Top 3 Reasons Key Performers are Essential

Our team has been in staffing mode for the last 2 weeks (Or as our HR staff says “Talent Acquisition mode”). Every time I am involved in starting up a new large program I start thinking about the people we are staffing into key project roles. I am constantly reminded by advisors that not everyone can be a “star performer” when we are choosing the project’s team and I know that to be true from years of managing people and projects.

So I always focus my attention on ensuring we get the top talent and skills in the key roles and positions. I came across and interesting blog post that summarized my reasons for this focus really well – even though it was not talking specifically about staffing a project.

Dr. Karen McGraw, President of Silver Bear Group, wrote a post on the Top 3 Reasons Key Performers are Essential to an HPI Analysis for the Human Capital Blog which performance consultants read. I figure that if performance analysts have tips on focusing on key performers, then so should managers.

Karen lists 3 reasons why key performers are essential to doing a Human Performance Analysis and they line up perfectly with why we as managers should ensure we have key performers in critical positions:

  1. They produce the outcomes that drive business results. Needs no further explanation!
  2. They have best practices and tips they can share. The top performers are going to provide leadership and practices to the whole team.
  3. They know how to work around barriers and across boundaries. I just wrote about forming coalitions in the last post (PMs dealing with Politics) and pointed out the need for working around barriers and across teams.

So there you go – short and to the point.  Your key performers are what will define the success of your organization or project.  Pick them wisely.  Human performance professionals already know this. As managers, we should follow their lead!


Googled Knowledge vs Real Know how

Your new project has just been approved, and now you need to staff it.

Whether you go to HR to get resumes of potential team members, or post available team positions on LinkedIn or Career Builder, your problem is the same. Every resume you sift through seems to have all of the project ‘buzz words.’  Which resume reflects real project expertise, versus “Googled” expertise?

I am seeing a disconcerting pattern in today’s staffing. I look at someone’s resume for a position on a project and it looks like they have done everything and know everything—yet when I count up the years of experience it doesn’t add up.

How can that be?

Here’s how:  Job seekers are advised by various recruiting experts and websites to “fill your resume with the right buzz words to get you noticed” and advise that the buzz words you choose should “come directly from the job description.”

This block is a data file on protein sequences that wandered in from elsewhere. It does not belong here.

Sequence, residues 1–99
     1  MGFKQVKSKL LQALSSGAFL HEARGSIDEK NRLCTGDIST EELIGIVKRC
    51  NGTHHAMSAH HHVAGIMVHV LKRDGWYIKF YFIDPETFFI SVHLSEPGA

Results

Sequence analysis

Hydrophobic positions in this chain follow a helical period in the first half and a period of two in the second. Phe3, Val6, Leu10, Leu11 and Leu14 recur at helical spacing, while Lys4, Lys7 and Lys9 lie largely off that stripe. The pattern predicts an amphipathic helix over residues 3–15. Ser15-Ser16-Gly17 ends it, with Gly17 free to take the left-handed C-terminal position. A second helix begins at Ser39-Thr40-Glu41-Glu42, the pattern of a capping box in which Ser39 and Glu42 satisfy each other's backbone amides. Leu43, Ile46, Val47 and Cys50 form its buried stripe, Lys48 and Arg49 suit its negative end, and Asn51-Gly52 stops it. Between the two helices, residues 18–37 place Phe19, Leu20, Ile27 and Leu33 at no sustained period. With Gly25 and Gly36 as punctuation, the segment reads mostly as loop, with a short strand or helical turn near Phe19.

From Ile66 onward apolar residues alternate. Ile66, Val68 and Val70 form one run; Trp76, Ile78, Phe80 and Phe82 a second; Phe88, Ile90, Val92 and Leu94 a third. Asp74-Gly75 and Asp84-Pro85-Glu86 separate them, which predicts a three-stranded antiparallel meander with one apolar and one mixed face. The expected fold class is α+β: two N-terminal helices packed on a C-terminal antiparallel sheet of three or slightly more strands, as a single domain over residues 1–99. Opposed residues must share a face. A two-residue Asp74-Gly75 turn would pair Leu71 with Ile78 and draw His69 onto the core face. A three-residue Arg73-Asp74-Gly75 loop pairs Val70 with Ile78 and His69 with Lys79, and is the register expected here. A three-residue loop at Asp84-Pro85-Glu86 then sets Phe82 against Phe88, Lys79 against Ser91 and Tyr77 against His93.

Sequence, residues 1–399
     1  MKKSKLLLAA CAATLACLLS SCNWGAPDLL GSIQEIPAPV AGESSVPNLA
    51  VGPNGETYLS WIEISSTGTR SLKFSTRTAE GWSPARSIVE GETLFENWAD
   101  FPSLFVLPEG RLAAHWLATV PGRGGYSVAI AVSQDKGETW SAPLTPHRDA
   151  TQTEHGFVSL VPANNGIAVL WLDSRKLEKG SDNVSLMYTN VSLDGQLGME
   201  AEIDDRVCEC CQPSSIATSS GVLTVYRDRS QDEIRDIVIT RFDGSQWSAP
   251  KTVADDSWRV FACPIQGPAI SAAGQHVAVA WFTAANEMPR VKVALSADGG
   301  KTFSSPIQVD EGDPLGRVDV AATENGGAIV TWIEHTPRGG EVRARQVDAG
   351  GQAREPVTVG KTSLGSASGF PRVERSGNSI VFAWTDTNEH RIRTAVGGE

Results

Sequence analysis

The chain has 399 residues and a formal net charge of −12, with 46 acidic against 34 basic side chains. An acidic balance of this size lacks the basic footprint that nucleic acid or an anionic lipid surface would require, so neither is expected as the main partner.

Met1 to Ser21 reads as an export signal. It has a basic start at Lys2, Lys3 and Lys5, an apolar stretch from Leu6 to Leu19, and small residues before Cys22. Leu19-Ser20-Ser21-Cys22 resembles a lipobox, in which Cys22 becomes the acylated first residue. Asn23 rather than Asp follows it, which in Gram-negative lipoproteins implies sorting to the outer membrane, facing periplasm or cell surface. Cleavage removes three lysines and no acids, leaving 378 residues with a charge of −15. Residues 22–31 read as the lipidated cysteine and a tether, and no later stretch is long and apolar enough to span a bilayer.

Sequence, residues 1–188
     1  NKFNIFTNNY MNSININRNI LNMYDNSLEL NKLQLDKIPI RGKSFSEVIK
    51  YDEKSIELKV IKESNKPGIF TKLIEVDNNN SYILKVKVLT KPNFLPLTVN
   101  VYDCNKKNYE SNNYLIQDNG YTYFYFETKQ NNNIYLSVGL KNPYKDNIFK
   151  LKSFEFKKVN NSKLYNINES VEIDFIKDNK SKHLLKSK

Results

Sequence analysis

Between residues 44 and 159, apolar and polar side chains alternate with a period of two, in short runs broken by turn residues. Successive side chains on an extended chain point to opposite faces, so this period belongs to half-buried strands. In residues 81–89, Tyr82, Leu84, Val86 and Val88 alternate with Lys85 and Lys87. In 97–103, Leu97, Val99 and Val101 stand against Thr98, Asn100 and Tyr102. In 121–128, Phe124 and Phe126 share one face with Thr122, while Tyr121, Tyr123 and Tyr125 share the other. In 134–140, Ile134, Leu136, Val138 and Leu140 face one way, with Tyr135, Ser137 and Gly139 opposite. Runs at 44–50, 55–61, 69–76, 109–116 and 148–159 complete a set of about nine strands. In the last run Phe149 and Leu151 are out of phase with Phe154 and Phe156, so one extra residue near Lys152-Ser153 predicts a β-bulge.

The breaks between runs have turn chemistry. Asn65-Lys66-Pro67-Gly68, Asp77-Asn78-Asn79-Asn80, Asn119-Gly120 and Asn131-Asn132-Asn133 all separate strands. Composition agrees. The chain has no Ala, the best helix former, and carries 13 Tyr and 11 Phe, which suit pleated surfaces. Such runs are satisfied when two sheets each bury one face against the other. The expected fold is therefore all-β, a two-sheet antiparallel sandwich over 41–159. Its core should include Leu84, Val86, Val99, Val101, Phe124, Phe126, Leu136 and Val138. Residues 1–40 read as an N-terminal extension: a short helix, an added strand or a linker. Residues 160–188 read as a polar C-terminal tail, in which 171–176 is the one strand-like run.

Although these experts caution job seekers to use the words only if you have the expertise, I can tell you that it is not always the case, at least on project management resumes I’ve seen. And it gets worse. “” has a list of universal keywords to “help you attract attention.” OK-In fairness to job seekers, I realize that their resume will be read first by an applicant tracking system (ATS) and if it doesn’t match target key words it will never be reach a human.  (Who decided that a computer scanning program was the best way to screen applicants???)

This makes it really tough for those of us who are trying to staff with real expertise and not over inflated resumes.  After all, anyone can Google key words to review wiki definitions, read examples, and quickly obtain surface level knowledge of a topic. While definitions, facts, and key factors may be Googled, a good project manager can conduct behavioral interviews that focus on how the interviewee solved a particular problem, reacted to a crisis situation, and applied PMBoK knowledge in real life. Furthermore, making simulated scenarios, and exercises such as “fix the project schedule” or “how would you crash this schedule?”, will quickly let you ferret out real knowledge from Googled knowledge.

I dont think that these HR and recruiting firms have it right – in fact I think they are poluting the water with bloated resumes because of the way they use automated systems rather than actual interviews.  I guess they are getting ready for hiring robots rather than humans!

What other techniques do you use to ensure that the staff you bring onto your projects can do the real work of project management?


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